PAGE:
16 Fair insurance Zero profit implies that insurance is actuarially fair, The solution for the consumer is thus 1 = v '(w pq) v '(w L + q pq) Slide 31 Full Coverage Case If v(y s ) is strictly concave and increasing, then v (y s ) takes on lower values the higher y. This implies that v '(w L + q pq) = v '(w pq) iff w L + q pq = w pq so q* = L. strictly concave utility function  remember that when the second derivative of a function is strictly negative, the value of the first derivative changes everywhere in the domain: thus if the first derivative is equal at two points, they must be the same point. Slide 32 Page 16
17 Insurance Market is imperfectly competitive Insurance companies make profit, that is Consumer pays more than the actuarially fair premium. Consumer demands less than full coverage. Slide 33 Less Than Full Coverage With FOC becomes π 2 (1 p) = π 1 p v '(w pq) v '(w L + q pq) π 2 (1 p) < 1 π 1 p v '(w pq) < v '(w L + q pq) w pq > w L + q pq q * < L. Slide 34 Page 17
18 Risk Aversion and Indifference Curves Slide 35 Risk Aversion and Indifference Curves Suppose only one bad thing can happen with probability 2, but depending on the actions of the individual the amount of money in the two states will vary. Can draw an indifference curve diagram in statecontingent space, that is money if bad thing happens on yaxis and money if good thing happens on xaxis. Slide 36 Page 18
19 StateContingent income space y 2 y 1 = y 2 45 degree line is the certainty line: no matter what happens, income is the same y 1 Slide 37 Indifference curves in statecontingent space We find indifference curves the same way as always. Hold expected utility fixed, see what combinations of (y 1, y 2 ) give us same expected utility. Slide 38 Page 19
20 Slope of indifference Curves Slide 39 Slope of indifference Curves The slope of the indifference curves at the 45degree line is Slide 40 Page 20
21 Shape of Indifference curves Note that V is an increasing function of y 1 and y 2, because v(y s ) is increasing. This means the better sets must lie to the right of an indifference curve. Are the better sets convex? The better sets are convex iff v(y s ) is concave. Slide 41 Convex Better sets ( ) = π 1 v ( y 1 ) + π 2 v ( y 2 ) ( ) V y 1, y 2 v y 1 π dy 1 2 y = 1 dy 1 v y 2 π 2 y 2 d 2 y 2 ( ) 2 = d y 1 Need v2 y 1 ( ) ( ) ( ) 2 ( ) v 2 y 1 π 1 y 1 v y 2 π 2 y 2? 0 ( ) 0 v ( y ( ) 2 s ) concave. y 1 Slide 42 Page 21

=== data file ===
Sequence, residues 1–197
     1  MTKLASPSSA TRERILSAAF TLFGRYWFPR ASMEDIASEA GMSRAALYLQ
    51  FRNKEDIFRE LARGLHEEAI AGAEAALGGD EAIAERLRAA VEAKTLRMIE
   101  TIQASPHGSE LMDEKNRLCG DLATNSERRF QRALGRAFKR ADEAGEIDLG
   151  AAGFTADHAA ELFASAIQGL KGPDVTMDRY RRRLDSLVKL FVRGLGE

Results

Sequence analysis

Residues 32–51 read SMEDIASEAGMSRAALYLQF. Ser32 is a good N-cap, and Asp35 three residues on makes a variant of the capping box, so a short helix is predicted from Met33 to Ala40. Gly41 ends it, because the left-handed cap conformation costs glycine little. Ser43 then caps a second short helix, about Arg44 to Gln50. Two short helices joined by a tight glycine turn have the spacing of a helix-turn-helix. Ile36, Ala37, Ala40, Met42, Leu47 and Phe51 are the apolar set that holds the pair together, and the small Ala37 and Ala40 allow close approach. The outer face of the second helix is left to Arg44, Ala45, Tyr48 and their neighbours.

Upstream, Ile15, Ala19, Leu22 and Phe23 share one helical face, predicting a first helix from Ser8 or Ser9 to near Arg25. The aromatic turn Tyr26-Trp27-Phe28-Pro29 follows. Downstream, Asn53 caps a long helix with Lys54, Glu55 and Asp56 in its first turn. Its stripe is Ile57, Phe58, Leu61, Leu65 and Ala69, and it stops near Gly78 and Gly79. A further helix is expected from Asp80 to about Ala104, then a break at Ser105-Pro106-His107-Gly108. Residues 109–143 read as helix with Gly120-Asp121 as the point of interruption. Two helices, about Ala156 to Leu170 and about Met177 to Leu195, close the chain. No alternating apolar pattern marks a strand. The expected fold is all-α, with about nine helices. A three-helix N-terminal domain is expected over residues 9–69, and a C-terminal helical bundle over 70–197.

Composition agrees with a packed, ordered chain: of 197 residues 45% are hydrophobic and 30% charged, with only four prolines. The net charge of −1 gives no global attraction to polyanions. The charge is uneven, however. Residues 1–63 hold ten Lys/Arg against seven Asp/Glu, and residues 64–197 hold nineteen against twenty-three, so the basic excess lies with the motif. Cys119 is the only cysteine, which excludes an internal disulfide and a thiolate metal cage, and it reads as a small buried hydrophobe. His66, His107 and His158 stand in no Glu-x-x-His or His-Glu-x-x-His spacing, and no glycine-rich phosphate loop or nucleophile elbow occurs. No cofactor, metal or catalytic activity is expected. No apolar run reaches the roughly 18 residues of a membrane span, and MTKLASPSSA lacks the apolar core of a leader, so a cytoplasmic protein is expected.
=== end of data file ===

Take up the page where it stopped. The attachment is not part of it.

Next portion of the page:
22 Indifference curves and attitudes towards risk For strictly risk averse person, indifference curves in statecontingent space are strictly convex (better sets are strictly convex). For risk neutral person, indifference curves are convex (straight lines, more specifically) For risk loving person, indifference curves are strictly concave (worse sets are strictly convex). No matter what the attitude towards risk, the slope of an indifference curve where it intersects with the 45 degree (certainty line) is equal to the risk ratio. Slide 43 StateContingent income space y 2 y 1 = y 2 Better set Indifference curve and better set for a strictly risk averse person Slope=  π 1 / π 2 y 1 Slide 44 Page 22
23 Example: Insurance Demand in Graph y in bad state w  pl w  L Optimal bundle with actuarially fair premium Income bundle w/o insurance w  pl w y in good state Slide 45 Insurance Demand in Graph y in bad state Optimal bundle with not actuarially fair premium wl+qpq (1p)q w  L Income bundle w/o insurance pq wpq w y in good state Slide 46 Page 23
24 Demand for Insurance Conclusion Strictly risk averse people are willing to take on risks. If the premium is not actuarially fair, strictly risk averse people will not be fully covered and therefore they accept some risk. Slide 47 Conclusion We have investigated choice under uncertainty. We made the assumption that individuals are expected utility maximizers (crucial assumption is Independence axiom). Cardinal properties on the utility function give us attitudes toward risk. Most often individuals are assumed to be risk averse, i.e. they have a decreasing marginal utility of money. We found out that risk averse people are willing to take on risk. Slide 48 Page 24